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Thursday, Nov. 11, 2010

Upside Down & Inside Out

Big Vegetables at Villa Terrace

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Believe me, I don’t hand out accolades where none are deserved. In covering both the Charles Allis and its companion Villa Terrace, it’s been a love/not love relationship. Over the course of many visits and many years, I decided both venues lacked fresh ideas, or call it “vigor” if you prefer. So much was ho-hum and anyone who follows my reviews is well aware that the Great Room at the Allis is not a place to exhibit art. Wisconsin does not lack for great art, but you’d never know it from most of the prior efforts. There were some steller exceptions thank heavens, enough to keep me returning, ever hopeful.

Alors! Fresh and innovative has come to both venues since the arrival of curator Martha Monroe. What changes two years has brought. For example: a paring down of the oppressive overload of shows. Where once there were way too many, now there are three at each. I got a glimpse of her curatorial talents when she integrated splendid sculptural works, clever and cunning, into the permanent collection at the Allis. It was seamless and sensational.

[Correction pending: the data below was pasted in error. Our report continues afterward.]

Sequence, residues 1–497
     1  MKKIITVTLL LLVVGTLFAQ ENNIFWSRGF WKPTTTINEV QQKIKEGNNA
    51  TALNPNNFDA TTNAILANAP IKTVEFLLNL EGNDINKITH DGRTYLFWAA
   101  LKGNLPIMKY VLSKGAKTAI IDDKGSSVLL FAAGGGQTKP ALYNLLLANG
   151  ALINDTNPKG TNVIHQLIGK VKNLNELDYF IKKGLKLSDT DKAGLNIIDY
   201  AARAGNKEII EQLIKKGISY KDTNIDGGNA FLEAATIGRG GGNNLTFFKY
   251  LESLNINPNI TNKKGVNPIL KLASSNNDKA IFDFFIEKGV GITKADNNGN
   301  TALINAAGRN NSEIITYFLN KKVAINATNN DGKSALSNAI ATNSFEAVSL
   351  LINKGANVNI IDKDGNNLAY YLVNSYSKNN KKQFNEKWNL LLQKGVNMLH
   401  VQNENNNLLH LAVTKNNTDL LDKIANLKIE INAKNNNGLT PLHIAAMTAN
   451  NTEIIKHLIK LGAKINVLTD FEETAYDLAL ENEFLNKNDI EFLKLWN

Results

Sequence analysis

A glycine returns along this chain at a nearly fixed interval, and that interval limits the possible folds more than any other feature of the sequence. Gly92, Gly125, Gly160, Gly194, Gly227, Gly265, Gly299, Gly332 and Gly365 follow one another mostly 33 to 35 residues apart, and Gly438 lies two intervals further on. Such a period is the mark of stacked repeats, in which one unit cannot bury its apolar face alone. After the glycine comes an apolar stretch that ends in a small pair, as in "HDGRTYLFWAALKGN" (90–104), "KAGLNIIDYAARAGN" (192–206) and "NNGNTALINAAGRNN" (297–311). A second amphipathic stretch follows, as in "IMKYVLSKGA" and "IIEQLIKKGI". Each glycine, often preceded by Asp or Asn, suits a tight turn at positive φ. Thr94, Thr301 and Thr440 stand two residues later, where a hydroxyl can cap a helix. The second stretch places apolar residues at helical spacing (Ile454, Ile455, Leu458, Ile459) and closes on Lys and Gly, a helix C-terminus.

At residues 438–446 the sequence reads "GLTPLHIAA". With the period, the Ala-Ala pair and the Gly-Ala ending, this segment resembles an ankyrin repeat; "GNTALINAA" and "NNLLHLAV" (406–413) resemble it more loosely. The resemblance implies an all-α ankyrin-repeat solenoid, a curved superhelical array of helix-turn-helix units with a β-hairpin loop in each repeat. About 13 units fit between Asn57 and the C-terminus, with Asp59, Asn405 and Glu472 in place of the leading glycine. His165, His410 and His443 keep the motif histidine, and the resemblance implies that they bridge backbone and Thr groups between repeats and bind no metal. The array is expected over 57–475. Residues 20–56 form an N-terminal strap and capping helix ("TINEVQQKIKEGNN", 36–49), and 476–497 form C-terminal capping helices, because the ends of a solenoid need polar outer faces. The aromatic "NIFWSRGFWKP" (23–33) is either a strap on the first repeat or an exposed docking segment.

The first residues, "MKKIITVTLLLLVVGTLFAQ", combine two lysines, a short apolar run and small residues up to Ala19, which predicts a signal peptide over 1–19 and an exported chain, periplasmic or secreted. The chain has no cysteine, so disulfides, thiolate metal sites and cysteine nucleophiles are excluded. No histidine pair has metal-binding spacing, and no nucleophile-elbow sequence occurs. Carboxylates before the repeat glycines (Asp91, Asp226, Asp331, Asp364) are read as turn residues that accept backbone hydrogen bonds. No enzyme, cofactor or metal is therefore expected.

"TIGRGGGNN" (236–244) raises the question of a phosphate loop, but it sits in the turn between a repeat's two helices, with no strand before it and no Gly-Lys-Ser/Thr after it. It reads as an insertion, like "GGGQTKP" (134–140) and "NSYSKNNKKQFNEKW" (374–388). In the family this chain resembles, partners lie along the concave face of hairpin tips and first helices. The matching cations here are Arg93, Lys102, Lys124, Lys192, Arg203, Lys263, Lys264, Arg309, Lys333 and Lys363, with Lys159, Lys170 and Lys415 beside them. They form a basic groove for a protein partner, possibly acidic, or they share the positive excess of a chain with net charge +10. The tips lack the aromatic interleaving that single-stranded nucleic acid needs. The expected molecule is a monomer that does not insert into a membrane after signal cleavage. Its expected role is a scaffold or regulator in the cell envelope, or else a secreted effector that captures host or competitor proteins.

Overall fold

And it was also a pivotal moment.


Up the stairs at the lovely Villa (or a slow ride on the elevator), you’ll find the sturdy and stunning works of Tom Loeser, head of the wood and furniture design area at UW-Madison, in an exhibition called “Trees Are The Biggest Vegetable.” I won’t go in to his inclusion in various prestigious collections, but one of note is the Milwaukee Art Museum. Loeser is hard to label, but his pieces are a kind of post post-modern modernism with a tweak of circus-y fun. Damned refreshing and a breath of fresh air, as if I’d emerged from a pile of fussy cups and plates and the decorative doo-dads that give the Villa its name.


And built to last may I add? The multiple chairs with charmingly chiseled and painted seats harken back to ladder-back chairs, and their painted embellishments curiously echo fabrics woven from rags. On the south wall a multi-pastel-colored paper chest with two framed drawings detailing the construction of the chest, almost steals the show. But not quite. It is a brilliant curatorial addition, however. In the north room, form and function meld in a style that shouts “built right,” as there’s nary a glob of hot glue in sight. One door south and I pause for a mélange of topsy turvy, upside down fun furniture I touch the smooth-as-silk finishes on several pieces; peruse a case sleek with sculpted miniatures. But “is it craft or is it art?” It’s the best of both.


Ms. Monroe, bring us more of the same. Bring us the fresh and the innovative. Wednesday- Sunday, 1 p.m.-5 p.m. is not nearly enough time to frolic in this welcome change for the better. Loeser’s magic is around until January 23, so you have no excuses my friends. Monroe has some sensational plans for 2011. I can’t wait.